The Château de Versailles, which has been on UNESCO’s World Heritage List for 30 years, is one of the most beautiful achievements of 18th-century French art. The site began as Louis XIII’s hunting lodge before his son Louis XIV transformed and expanded it, moving the court and government of France to Versailles in 1682. Each of the three French kings who lived there until the French Revolution added improvements to make it more beautiful.
The Hall of Mirrors, the King’s Grand Apartments, the Museum of the History of France. The Château de Versailles, the seat of power until 1789, has continued to unfurl its splendour over the course of centuries. At first it was just a humble hunting lodge built by Louis XIII. But Louis XIV chose the site to build the palace we know today, the symbol of royal absolutism and embodiment of classical French art.
In the 1670s Louis XIV built the Grand Apartments of the King and Queen, whose most emblematic achievement is the Hall of Mirrors designed by Mansart, where the king put on his most ostentatious display of royal power in order to impress visitors. The Chapel and Opera were built in the next century under Louis XV.
The château lost its standing as the official seat of power in 1789 but acquired a new role in the 19th century as the Museum of the History of France, which was founded at the behest of Louis-Philippe, who ascended to the throne in 1830. That is when many of the château’s rooms were taken over to house the new collections, which were added to until the early 20th century, tracing milestones in French history.References:
St. Stephen"s Basilica is a Roman Catholic basilica named in honour of Stephen, the first King of Hungary (c. 975–1038), whose supposed right hand is housed in the reliquary. It was the sixth largest church building in Hungary before 1920. Today, it is the third largest church building in present-day Hungary.
The basilica was completed in 1905 after 54 years of construction, according to the plans of Miklós Ybl, and was completed by József Kauser. Much of this delay can be attributed to the collapse of the dome in 1868 which required complete demolition of the completed works and rebuilding from the ground up.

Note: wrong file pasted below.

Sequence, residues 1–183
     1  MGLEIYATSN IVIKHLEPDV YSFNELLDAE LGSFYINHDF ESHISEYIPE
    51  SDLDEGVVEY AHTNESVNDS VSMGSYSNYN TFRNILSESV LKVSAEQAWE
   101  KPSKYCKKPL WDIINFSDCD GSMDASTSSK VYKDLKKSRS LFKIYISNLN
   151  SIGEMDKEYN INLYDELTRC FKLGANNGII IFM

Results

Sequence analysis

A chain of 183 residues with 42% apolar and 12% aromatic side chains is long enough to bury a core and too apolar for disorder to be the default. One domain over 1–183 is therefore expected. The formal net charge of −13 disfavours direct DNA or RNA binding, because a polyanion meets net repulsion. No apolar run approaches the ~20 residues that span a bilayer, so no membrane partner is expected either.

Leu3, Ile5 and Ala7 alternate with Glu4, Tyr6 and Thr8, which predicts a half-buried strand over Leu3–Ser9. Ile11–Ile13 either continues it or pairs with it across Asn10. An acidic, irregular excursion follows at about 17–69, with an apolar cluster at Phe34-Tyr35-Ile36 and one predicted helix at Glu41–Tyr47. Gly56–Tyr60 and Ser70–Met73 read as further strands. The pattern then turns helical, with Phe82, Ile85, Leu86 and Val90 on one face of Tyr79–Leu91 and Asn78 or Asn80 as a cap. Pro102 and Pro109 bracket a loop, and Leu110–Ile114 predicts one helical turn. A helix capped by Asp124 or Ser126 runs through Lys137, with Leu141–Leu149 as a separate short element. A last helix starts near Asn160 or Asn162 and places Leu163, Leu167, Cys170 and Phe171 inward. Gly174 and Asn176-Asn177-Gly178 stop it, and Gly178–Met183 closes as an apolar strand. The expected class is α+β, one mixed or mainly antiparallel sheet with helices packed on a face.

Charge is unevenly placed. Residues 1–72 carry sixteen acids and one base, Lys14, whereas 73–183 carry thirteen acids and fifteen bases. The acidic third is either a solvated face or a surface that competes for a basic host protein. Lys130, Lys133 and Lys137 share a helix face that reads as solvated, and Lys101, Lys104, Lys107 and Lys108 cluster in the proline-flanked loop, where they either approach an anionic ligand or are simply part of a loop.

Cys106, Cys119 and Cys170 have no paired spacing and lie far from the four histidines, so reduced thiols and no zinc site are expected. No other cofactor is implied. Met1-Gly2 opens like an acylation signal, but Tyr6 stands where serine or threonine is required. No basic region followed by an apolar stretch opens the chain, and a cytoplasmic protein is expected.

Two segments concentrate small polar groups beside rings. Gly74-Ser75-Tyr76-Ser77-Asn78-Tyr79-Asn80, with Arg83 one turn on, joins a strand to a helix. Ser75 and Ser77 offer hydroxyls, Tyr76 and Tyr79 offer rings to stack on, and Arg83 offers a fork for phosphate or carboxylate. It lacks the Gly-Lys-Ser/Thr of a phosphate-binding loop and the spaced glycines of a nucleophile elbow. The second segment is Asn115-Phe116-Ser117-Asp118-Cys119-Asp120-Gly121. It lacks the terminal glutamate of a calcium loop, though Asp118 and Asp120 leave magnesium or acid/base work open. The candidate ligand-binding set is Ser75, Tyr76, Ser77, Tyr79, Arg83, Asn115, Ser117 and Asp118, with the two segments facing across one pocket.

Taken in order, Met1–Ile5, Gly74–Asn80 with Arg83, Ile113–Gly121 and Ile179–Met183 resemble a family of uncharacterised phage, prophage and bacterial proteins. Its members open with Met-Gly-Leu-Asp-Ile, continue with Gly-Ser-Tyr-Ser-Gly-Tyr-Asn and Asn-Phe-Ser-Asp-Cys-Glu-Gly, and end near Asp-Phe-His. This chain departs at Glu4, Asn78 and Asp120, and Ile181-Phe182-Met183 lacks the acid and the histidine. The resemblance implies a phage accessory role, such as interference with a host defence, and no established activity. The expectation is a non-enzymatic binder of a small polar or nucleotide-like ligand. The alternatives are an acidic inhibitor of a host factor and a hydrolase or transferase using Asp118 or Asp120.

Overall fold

The architectural style is Neo-Classical; it has a Greek cross ground plan. The façade is anchored by two large bell towers. In the southern tower is Hungary"s biggest bell, weighing over 9 tonnes. Its predecessor had a weight of almost 8 tonnes, but it was used for military purposes during World War II. Visitors may access the dome by elevators or by climbing 364 stairs for a 360° view overlooking Budapest.
At first, the building was supposed to be named after Saint Leopold, the patron saint of Austria, but the plan was changed in the very last minute, so it became St. Stephen"s Basilica.
The Saint Stephen Basilica has played an active role in the musical community since its consecration in 1905. The head organists of the church have always been very highly regarded musicians. In the past century the Basilica has been home to choral music, classical music as well as contemporary musical performances. The Basilica choir performs often in different parts of Europe as well as at home. In the summer months they perform every Sunday. During these months you can see performances from many distinguished Hungarian and foreign organ players alike.